They have state-of-the-art distribution centers serving wide geographic areas. They are involved in testing cutting-edge technology. While this may describe the top three national pharmaceutical wholesalers-AmerisourceBergen, Cardinal, and McKesson-which command over 90% of the market, it also covers some regional wholesalers.
The ranks of regional wholesalers are dwindling, with the latest acquisition of F. Dohmen Co. by Cardinal Health, but it doesn't mean they aren't holding their own. In fact, some are experiencing substantial growth.
These smaller accounts have been a boon to Rochester Drug, a cooperative with 150 owners representing 225 stores. The stores have enabled Rochester Drug to expand into New Jersey, New York, and Pennsylvania and experience a 15% rise in business in 2004. Rochester Drug has opened about 70 independent pharmacies in the past five years, and three new stores are under construction. "We found a way to create our own marketplace that overcomes the power of the chain pharmacy to put our customers out of business," said Doud.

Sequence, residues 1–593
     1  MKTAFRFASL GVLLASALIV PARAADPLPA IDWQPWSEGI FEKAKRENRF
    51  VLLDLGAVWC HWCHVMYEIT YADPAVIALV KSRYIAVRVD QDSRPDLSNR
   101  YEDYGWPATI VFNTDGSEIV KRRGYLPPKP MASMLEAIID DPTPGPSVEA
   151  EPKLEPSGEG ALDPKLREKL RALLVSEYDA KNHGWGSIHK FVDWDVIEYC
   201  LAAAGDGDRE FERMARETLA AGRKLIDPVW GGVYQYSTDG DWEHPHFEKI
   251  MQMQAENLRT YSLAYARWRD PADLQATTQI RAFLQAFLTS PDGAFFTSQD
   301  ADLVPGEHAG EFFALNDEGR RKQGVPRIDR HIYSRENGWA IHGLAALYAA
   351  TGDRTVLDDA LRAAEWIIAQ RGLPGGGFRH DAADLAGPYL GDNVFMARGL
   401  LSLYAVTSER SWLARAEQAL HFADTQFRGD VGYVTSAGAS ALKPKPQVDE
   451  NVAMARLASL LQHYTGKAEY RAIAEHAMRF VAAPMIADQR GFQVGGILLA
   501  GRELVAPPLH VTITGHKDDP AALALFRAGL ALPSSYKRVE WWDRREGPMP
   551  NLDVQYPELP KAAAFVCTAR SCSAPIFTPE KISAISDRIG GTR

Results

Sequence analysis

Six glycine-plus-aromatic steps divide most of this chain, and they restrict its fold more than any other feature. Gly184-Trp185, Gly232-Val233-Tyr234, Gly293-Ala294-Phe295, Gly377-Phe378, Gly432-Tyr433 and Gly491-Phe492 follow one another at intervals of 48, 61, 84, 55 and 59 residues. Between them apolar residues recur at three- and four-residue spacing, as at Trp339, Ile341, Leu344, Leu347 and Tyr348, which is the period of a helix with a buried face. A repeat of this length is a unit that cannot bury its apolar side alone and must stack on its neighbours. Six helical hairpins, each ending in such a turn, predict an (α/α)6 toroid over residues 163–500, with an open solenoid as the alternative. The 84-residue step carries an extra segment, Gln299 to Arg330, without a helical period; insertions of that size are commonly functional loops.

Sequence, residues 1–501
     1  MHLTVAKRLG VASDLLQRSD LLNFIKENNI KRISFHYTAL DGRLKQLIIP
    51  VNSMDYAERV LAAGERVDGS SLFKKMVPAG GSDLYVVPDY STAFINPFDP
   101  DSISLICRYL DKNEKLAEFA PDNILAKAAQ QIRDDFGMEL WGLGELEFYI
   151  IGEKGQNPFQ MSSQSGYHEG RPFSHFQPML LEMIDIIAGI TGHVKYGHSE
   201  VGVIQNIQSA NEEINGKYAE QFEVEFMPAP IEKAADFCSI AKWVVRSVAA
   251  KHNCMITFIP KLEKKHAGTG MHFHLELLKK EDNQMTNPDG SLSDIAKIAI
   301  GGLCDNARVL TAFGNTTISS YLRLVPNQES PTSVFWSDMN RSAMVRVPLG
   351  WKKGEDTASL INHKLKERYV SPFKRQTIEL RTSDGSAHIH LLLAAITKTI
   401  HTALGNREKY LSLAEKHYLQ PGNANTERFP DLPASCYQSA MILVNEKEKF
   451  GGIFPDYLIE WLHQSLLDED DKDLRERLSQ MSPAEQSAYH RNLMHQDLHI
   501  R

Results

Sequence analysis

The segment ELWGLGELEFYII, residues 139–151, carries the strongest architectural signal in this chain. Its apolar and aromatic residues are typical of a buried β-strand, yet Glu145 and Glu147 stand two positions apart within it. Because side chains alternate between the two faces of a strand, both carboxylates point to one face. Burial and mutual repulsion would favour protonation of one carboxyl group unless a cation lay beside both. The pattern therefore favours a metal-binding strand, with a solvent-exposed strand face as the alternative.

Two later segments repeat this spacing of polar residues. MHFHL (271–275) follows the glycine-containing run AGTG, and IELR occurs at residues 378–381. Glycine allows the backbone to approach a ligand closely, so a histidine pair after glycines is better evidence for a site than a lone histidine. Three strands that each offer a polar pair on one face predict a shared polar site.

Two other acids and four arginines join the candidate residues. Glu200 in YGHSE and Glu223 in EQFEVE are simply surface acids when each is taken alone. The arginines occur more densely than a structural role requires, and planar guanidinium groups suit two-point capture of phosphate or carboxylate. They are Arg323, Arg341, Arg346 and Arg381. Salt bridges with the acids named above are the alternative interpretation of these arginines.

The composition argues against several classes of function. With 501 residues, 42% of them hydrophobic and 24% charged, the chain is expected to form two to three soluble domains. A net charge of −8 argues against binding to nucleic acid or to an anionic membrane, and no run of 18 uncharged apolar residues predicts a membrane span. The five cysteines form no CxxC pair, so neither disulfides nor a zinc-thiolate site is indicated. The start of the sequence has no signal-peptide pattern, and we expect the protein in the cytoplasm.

Smith Drug, Spartanburg, S. C., is yet another regional player that has experienced substantial growth. The company, which is 70% employee-owned, serves the Southeast from distribution centers in Arkansas and South Carolina. Ken Couch, president/CEO of Smith Drug, said the firm helps about three new pharmacies a month open their doors. In return for Smith Drug's assistance, the pharmacies become company customers, Couch said.
Being on the cutting edge of technology is crucial to regionals' success. Consider the following: